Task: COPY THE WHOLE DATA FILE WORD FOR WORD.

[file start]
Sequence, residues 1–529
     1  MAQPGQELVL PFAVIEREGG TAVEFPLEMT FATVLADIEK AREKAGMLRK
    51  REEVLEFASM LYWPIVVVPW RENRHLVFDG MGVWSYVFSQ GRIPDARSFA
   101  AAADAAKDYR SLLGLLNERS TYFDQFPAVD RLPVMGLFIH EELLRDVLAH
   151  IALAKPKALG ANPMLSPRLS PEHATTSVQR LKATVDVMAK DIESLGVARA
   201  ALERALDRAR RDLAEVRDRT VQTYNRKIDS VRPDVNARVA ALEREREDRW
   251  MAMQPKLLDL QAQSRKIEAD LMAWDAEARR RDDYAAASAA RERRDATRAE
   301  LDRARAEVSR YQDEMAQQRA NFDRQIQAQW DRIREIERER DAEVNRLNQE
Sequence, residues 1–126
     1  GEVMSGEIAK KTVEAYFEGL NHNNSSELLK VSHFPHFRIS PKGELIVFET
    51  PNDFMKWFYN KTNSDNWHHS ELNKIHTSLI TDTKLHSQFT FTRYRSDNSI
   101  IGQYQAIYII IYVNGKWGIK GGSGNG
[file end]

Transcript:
Sequence, residues 1–529
     1  MAQPGQELVL PFAVIEREGG TAVEFPLEMT FATVLADIEK AREKAGMLRK
    51  REEVLEFASM LYWPIVVVPW RENRHLVFDG MGVWSYVFSQ GRIPDARSFA
   101  AAADAAKDYR SLLGLLNERS TYFDQFPAVD RLPVMGLFIH EELLRDVLAH
   151  IALAKPKALG ANPMLSPRLS PEHATTSVQR LKATVDVMAK DIESLGVARA
   201  ALERALDRAR RDLAEVRDRT VQTYNRKIDS VRPDVNARVA ALEREREDRW
   251  MAMQPKLLDL QAQSRKIEAD LMAWDAEARR RDDYAAASAA RERRDATRAE
   301  LDRARAEVSR YQDEMAQQRA NFDRQIQAQW DRIREIERER DAEVNRLNQE
Sequence, residues 1–126
     1  GEVMSGEIAK KTVEAYFEGL NHNNSSELLK VSHFPHFRIS PKGELIVFET
    51  PNDFMKWFYN KTNSDNWHHS ELNKIHTSLI TDTKLHSQFT FTRYRSDNSI
   101  IGQYQAIYII IYVNGKWGIK GGSGNG